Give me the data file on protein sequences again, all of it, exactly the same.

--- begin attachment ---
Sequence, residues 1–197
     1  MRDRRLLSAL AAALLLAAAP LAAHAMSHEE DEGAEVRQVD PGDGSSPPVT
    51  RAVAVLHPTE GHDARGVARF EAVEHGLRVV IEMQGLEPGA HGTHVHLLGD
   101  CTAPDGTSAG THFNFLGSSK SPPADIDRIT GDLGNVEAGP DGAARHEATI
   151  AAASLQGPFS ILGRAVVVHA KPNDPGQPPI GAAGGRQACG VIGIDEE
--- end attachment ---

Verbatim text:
Sequence, residues 1–197
     1  MRDRRLLSAL AAALLLAAAP LAAHAMSHEE DEGAEVRQVD PGDGSSPPVT
    51  RAVAVLHPTE GHDARGVARF EAVEHGLRVV IEMQGLEPGA HGTHVHLLGD
   101  CTAPDGTSAG THFNFLGSSK SPPADIDRIT GDLGNVEAGP DGAARHEATI
   151  AAASLQGPFS ILGRAVVVHA KPNDPGQPPI GAAGGRQACG VIGIDEE